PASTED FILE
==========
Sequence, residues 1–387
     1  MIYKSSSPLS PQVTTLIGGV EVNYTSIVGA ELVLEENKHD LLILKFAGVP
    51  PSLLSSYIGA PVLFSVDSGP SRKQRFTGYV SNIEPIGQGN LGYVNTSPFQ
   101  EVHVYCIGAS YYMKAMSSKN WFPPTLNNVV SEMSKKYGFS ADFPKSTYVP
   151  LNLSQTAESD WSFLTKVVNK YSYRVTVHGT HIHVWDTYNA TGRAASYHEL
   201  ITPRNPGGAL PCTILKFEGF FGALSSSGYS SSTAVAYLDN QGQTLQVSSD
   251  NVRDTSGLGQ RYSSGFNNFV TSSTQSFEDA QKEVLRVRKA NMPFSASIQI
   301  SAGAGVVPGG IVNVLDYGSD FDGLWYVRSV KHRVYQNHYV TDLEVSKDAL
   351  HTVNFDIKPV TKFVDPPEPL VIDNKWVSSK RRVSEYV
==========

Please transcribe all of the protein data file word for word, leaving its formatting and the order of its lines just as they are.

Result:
Sequence, residues 1–387
     1  MIYKSSSPLS PQVTTLIGGV EVNYTSIVGA ELVLEENKHD LLILKFAGVP
    51  PSLLSSYIGA PVLFSVDSGP SRKQRFTGYV SNIEPIGQGN LGYVNTSPFQ
   101  EVHVYCIGAS YYMKAMSSKN WFPPTLNNVV SEMSKKYGFS ADFPKSTYVP
   151  LNLSQTAESD WSFLTKVVNK YSYRVTVHGT HIHVWDTYNA TGRAASYHEL
   201  ITPRNPGGAL PCTILKFEGF FGALSSSGYS SSTAVAYLDN QGQTLQVSSD
   251  NVRDTSGLGQ RYSSGFNNFV TSSTQSFEDA QKEVLRVRKA NMPFSASIQI
   301  SAGAGVVPGG IVNVLDYGSD FDGLWYVRSV KHRVYQNHYV TDLEVSKDAL
   351  HTVNFDIKPV TKFVDPPEPL VIDNKWVSSK RRVSEYV